Umbilical Hernia

Umbilical hernias are swollen bumps that appear when part of your intestines stick out through your abdominal muscles near your navel. If your baby has a bulge around the
bellybutton, they may have an umbilical hernia.

Before the umbilical cord falls off, you may notice that the area seems to stick out a little more when the baby cries. Or maybe, once the cord is gone, you see that their navel sticks out
(an “outie,” as it’s commonly called). In some cases, even if you can’t see a bulge, you might be able to feel one.

https://www.webmd.com/parenting/baby/what-are-umbilical-hernias#1

Inguinal Hernia in Children

What is an inguinal hernia in children?
A hernia occurs when a part of the intestine pushes through a weakness in the belly (abdominal) muscles. A soft bulge shows up under the skin where the hernia is.
A hernia in the groin area is called an inguinal hernia.

What causes an inguinal hernia in a child?
A hernia can develop in the first few months after a baby is born. It happens because of a weakness in the abdomen muscles. Straining and crying don’t cause hernias. But the increased pressure in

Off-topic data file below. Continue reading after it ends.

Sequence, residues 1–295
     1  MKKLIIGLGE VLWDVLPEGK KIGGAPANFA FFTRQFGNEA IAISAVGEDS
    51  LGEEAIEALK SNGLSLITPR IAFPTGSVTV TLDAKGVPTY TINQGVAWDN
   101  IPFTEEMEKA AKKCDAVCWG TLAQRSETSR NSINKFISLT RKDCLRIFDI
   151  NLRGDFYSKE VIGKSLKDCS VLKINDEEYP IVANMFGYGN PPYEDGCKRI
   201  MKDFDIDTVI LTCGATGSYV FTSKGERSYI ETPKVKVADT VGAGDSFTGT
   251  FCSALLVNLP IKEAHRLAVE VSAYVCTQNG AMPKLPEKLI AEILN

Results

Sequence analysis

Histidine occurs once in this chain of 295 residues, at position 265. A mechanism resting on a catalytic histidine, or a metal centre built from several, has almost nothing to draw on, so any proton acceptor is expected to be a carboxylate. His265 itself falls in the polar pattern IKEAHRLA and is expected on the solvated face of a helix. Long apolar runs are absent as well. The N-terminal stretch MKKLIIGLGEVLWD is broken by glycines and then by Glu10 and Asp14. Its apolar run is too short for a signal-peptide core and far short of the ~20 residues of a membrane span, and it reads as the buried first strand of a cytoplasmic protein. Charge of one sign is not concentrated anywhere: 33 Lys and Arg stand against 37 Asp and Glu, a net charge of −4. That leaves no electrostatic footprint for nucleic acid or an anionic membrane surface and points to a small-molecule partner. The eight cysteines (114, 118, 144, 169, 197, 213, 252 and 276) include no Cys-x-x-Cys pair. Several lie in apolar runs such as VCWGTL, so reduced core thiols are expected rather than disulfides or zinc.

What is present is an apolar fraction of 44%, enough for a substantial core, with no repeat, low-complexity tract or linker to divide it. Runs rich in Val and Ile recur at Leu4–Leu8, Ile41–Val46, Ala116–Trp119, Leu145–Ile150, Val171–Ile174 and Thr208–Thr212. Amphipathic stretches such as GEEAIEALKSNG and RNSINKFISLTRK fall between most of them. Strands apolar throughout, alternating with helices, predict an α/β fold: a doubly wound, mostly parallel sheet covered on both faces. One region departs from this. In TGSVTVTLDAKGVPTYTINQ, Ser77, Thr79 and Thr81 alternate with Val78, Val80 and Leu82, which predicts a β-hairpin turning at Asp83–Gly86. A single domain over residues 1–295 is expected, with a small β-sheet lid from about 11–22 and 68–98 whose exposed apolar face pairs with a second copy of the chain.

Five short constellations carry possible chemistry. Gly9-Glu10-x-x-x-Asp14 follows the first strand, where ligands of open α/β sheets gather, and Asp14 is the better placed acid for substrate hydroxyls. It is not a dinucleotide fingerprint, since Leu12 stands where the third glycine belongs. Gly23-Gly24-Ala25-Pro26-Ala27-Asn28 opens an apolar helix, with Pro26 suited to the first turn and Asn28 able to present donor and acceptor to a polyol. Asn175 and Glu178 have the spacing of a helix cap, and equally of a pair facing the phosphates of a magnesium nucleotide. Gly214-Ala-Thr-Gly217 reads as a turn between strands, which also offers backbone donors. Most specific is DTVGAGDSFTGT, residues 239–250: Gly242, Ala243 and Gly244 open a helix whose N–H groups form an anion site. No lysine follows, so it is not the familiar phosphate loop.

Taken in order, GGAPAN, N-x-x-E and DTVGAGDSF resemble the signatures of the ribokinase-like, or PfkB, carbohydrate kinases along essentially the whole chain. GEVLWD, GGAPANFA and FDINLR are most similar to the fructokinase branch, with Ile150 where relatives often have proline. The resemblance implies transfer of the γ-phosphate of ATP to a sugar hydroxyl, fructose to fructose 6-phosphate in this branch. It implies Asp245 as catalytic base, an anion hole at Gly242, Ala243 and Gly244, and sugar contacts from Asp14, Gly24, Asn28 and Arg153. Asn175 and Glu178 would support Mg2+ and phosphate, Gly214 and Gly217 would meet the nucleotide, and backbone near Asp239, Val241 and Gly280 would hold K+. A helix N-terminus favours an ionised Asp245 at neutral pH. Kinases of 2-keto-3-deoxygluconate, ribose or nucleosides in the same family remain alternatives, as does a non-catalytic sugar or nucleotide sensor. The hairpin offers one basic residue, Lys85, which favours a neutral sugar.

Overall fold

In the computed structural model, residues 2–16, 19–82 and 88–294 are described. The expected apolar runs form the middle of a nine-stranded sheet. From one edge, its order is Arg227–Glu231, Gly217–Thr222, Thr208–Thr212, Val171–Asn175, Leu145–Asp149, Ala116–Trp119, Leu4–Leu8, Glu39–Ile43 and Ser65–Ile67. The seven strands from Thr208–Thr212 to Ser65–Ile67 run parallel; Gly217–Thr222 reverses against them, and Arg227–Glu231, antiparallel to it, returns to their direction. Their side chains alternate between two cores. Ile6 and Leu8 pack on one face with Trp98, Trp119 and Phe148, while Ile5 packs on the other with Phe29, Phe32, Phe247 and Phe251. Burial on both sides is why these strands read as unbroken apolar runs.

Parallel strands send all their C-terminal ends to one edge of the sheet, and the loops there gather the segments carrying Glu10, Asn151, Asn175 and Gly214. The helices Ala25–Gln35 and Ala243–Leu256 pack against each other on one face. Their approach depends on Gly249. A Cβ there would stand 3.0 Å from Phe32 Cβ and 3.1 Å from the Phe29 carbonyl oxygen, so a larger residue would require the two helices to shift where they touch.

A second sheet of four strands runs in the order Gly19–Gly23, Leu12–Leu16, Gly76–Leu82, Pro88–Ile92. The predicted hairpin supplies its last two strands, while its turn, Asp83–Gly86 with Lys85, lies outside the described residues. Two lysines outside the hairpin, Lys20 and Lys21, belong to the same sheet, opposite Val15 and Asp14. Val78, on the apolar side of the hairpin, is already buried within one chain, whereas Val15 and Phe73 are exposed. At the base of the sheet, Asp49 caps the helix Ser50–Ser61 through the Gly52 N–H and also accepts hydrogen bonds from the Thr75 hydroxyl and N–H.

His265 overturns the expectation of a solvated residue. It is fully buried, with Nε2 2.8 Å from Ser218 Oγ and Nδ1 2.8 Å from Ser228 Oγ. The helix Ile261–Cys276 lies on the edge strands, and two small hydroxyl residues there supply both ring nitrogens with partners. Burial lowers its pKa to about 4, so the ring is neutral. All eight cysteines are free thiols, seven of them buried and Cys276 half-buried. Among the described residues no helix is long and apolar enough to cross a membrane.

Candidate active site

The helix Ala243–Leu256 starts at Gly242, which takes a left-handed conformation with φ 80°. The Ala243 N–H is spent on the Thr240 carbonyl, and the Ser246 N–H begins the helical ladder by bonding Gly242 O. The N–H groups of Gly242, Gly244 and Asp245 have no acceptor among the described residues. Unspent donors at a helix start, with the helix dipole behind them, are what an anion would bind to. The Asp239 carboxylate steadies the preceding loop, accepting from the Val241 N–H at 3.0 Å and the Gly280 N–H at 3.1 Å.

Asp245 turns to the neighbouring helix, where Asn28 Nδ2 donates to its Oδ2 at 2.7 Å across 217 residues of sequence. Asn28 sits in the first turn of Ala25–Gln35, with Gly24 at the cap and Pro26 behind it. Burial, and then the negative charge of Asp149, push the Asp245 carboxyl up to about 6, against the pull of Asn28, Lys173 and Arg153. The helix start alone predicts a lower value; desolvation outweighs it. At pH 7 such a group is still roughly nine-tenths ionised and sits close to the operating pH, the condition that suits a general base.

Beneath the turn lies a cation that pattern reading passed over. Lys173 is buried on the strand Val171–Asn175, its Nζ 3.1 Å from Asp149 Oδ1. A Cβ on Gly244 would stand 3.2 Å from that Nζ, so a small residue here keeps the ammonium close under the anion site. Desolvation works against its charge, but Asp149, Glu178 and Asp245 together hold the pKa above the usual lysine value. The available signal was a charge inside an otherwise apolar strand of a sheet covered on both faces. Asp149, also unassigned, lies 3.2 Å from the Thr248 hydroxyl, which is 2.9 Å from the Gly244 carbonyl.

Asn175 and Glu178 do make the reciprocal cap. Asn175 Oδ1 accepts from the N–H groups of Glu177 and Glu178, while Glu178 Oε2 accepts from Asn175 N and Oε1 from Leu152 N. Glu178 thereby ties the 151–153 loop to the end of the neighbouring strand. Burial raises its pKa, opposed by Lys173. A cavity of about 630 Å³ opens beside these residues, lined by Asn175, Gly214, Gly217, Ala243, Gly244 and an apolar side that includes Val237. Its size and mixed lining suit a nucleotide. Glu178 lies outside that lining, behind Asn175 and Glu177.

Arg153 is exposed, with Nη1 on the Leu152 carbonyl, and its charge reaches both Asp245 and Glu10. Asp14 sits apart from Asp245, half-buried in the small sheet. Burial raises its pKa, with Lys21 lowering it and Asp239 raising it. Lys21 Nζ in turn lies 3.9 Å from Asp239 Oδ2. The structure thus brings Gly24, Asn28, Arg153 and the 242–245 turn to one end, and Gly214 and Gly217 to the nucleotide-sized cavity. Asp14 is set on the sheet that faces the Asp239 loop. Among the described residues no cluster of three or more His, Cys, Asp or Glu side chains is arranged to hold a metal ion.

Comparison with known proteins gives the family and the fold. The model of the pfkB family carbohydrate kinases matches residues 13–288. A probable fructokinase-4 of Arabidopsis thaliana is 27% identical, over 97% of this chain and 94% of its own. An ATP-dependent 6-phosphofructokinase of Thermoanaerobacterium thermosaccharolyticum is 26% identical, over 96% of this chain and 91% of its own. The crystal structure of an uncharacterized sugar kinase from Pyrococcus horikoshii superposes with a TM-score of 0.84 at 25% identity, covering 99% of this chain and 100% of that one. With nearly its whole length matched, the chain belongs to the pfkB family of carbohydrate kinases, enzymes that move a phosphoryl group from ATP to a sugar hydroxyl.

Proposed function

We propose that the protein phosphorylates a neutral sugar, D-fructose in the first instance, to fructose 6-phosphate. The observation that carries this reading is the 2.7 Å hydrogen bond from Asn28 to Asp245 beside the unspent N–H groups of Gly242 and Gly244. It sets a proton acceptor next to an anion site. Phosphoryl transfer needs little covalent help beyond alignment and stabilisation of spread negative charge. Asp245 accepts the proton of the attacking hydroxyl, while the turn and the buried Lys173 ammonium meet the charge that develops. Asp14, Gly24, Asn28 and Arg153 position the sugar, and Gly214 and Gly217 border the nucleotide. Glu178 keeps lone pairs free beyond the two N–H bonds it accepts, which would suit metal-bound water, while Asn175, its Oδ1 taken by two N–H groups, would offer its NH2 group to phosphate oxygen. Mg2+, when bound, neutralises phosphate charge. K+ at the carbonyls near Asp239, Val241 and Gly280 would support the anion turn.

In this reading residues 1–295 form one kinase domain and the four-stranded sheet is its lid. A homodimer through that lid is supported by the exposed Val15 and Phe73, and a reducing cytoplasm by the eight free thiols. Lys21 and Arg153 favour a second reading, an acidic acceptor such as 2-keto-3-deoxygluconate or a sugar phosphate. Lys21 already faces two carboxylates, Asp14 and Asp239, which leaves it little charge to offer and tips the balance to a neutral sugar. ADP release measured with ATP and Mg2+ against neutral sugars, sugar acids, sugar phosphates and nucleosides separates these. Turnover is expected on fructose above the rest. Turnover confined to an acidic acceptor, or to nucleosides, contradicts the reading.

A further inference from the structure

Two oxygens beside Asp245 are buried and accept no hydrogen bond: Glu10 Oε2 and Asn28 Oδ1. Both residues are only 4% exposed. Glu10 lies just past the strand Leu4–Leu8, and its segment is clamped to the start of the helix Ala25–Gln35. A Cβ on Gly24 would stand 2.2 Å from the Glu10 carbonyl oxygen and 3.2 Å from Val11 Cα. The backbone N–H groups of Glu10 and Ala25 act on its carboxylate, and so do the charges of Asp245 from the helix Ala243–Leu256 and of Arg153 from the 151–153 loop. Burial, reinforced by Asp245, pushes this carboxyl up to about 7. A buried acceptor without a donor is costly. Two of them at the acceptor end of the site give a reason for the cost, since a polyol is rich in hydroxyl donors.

the belly can make a hernia more easily seen.

As a male baby grows during pregnancy, the testicles develop in the abdomen. Then they move down into the scrotum through the inguinal canal. Shortly after the baby is born, the inguinal canal closes.
This stops the testicles from moving back into the abdomen. If this area does not fully close, a part of the intestine can move into the canal through the weakened area of the lower belly wall.
This causes a hernia.

In some cases, the part of intestine that pushes through a hernia may become stuck. It is no longer reducible. This means it can’t be gently pushed back into the belly. When this happens,
that part of the intestine may not get enough blood. A good blood supply is needed for the intestine to be healthy and to work the right way.

Girls don’t have testicles. But they do have an inguinal canal. So they can also have hernias in the groin.

https://www.urmc.rochester.edu/encyclopedia/content.aspx?ContentTypeID=90&ContentID=P03092